Wednesday, October 16, 2013

Rewind Wednesday: Wonders of West Virginia Celebration

As the song goes, "Oh, what a night!"

I sit here this evening exhausted after a day of school. My school bag is full of papers and projects to grade from when I was out last week. There's a colorful assortment of thank you cards at my feet (I sit on the floor to do just about everything) to deliver to all of those who have expressed their love and congratulations to me over the past few days. I have video to upload from my interviews for my "Be the DifferenceWV" episode I taped this afternoon at Marlowe Elementary. In my head I'm starting to "write" out my lesson plans for next week.

I'm just a teacher, who just found out I represent a lot of other teachers. My head isn't just swimming; it's doing the Olympic backstroke.

For the record, I never expected it to be my name called last week. There are no guarantees in life, and although I wanted this opportunity, I realized that it was just an honor to be there celebrating with those who have supported me immensely throughout my career in Berkeley County Schools. The Clay Center is a beautiful facility, and the Wonders of West Virginia Celebration was a well planned event that recognized the county teachers of the year, Schools of Excellence, and other educators who have received awards in the last school year.
With my parents, Scott and Debbie Lloyd
My husband, Brad

With my principal, Beth McCoy, and the best teacher friend ever, Heather McCain

My former assistant principal at Tomahawk, Lewis Mullenax, also attended, along with our superintendent, Manny Arvon, deputy superintendent, Don Dellinger, and assistant superintendent, Margaret Kursey. Although one of our schools, Hedgesville Elementary, was also being honored that evening as a School of Excellence, that's a lot of people to travel nearly five hours from the Eastern Panhandle. Silly as it may seem, I started to feel very wobbly and shaky once we all sat down and the ceremony began. It was made very clear to me beforehand to prepare a speech "just in case." It all started to sink in that maybe that wasn't "just in case" but "just because."

The food looked absolutely delicious but I hardly ate anything - and I love ooey, gooey deserts. Didn't even touch them. Someone said at one point I looked so white she thought I was going to pass out. I walked up once to be recognized for being the Berkeley County Teacher of the Year, then once more for being one of the four finalists.

And then this happened:
Thank you so much for taking this, Lewis
West Virginia is a state that doesn't always get a lot of positive press. Teachers everyday use their talents and dedication to the profession to do their best to educate our students, regardless of the misconceptions that exist in public opinion. There are thousands of teachers in our state that do incredible things, greater things than I'll ever achieve. It has been a long road for me personally to become the teacher and individual I am today. I wish my aunt Dawn was here to see this.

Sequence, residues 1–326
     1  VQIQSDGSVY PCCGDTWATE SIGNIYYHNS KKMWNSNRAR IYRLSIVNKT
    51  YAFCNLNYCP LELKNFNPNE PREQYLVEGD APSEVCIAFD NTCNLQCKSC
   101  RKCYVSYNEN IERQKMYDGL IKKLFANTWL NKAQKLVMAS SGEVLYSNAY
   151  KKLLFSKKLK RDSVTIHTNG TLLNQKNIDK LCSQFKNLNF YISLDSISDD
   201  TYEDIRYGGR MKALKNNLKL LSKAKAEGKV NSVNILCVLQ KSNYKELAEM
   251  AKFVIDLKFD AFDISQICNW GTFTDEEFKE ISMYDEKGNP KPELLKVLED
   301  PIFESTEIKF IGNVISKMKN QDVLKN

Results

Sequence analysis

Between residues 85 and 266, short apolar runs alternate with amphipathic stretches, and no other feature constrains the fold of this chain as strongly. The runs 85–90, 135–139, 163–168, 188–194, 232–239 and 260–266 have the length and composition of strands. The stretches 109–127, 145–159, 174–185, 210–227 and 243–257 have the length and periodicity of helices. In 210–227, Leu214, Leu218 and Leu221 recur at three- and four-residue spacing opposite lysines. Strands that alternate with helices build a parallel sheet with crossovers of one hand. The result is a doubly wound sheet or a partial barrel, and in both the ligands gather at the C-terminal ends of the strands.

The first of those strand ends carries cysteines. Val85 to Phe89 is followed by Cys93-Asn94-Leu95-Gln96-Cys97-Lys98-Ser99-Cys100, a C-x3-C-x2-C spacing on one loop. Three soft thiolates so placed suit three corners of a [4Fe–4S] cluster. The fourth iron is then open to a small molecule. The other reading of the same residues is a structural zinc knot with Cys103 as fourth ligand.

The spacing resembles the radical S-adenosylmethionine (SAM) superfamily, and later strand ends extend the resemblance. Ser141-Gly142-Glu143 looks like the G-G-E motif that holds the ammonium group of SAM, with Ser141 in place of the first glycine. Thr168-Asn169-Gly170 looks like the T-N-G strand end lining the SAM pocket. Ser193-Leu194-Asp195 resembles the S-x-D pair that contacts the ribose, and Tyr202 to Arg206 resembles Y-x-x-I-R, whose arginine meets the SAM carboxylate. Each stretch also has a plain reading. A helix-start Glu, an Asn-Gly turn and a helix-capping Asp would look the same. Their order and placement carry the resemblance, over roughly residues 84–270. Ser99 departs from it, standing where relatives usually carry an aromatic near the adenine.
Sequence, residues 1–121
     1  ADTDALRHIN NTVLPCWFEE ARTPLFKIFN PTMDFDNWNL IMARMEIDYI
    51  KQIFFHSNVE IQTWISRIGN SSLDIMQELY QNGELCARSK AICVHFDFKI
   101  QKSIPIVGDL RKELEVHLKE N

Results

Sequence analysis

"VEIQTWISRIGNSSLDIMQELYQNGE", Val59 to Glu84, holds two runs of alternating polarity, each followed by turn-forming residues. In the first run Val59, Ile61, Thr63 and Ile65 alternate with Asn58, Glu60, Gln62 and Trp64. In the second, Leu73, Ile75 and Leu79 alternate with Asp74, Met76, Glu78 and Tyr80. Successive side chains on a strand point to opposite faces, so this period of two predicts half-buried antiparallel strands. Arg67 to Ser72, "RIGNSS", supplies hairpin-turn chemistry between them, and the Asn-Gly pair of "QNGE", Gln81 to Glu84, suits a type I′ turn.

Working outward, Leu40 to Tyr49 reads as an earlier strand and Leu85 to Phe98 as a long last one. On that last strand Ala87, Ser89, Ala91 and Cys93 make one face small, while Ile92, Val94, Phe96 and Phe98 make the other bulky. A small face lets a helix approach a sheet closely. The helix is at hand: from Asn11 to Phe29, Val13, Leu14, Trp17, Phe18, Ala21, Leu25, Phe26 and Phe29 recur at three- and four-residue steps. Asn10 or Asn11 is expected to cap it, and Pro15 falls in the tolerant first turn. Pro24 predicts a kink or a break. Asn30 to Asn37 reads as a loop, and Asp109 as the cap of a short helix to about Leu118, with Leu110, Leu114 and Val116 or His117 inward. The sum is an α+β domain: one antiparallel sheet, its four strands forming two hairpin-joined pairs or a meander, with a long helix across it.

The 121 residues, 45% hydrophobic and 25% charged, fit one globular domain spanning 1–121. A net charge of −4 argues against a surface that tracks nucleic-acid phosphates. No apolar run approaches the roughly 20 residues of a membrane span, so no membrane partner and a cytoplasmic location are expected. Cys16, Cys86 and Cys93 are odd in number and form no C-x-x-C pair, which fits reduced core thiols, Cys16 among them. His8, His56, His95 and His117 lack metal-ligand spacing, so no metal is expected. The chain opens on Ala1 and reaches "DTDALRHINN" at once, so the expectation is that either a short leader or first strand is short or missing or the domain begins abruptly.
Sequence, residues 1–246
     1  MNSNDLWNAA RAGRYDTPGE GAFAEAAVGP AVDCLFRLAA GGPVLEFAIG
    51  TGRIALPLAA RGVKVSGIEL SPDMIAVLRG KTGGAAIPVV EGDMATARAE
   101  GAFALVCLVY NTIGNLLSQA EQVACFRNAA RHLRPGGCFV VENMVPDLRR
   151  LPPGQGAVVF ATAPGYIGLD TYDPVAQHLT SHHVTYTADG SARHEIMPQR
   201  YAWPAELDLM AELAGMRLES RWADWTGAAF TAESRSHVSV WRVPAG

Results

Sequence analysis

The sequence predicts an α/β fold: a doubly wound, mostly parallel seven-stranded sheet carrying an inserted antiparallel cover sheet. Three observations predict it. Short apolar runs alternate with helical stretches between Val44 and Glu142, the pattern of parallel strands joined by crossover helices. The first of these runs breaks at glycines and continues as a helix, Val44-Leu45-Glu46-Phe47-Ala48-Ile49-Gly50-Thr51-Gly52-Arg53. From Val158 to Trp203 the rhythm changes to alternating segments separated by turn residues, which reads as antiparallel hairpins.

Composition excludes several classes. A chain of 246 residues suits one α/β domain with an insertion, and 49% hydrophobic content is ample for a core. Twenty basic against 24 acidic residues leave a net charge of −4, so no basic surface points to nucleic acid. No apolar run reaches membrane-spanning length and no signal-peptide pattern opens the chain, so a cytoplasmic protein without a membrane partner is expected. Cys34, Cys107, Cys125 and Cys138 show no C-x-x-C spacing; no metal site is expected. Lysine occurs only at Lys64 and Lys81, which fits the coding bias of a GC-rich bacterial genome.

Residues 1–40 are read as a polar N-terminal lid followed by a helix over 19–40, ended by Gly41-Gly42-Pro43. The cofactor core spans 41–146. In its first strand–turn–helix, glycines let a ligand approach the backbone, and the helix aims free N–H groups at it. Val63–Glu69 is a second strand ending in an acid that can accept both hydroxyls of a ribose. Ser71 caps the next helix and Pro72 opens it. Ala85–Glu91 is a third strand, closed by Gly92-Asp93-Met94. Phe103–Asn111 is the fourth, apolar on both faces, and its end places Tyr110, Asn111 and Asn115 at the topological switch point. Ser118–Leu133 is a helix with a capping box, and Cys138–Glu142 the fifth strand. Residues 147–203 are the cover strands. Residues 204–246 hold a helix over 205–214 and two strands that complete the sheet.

That's pretty much everything that went through my mind in the following 30 seconds after my name was called out as the West Virginia Teacher of the Year.  

After a quick picture with a banner emblazoned with my name and a beautiful clock handcrafted in Huntington (it's ticking quietly in the background as I type). I gave my prepared "just in case" speech. Standing in front of my peers, some of which were standing themselves, watching from the second floor balcony of the Benedum Grand Lobby, I had a lot of emotion, but also a lot of peace and resolve. I had never met most of the people gathered there that evening, and this was my chance, in the next few minutes, to introduce myself.  Click on this link to go to my acceptance speech. I'm so glad my husband was able to tape it in its entirety.

Needless to say, there were a lot of excited people once the ceremony was over with. Lots of hugs and hurrahs :-) It's the first time in 21 years that the West Virginia Teacher of the Year is from Berkeley County, the first being Beverly Hoffmaster in 1992. I don't quite feel worthy yet, and don't know if I ever will. Right now, I'm swimming my own version of the Olympic backstroke in my head. I can't see where I'm going, but I'm navigating the waters as fast as I can. Here's hoping in the next few days I can say I've touched the shore.
- Erin


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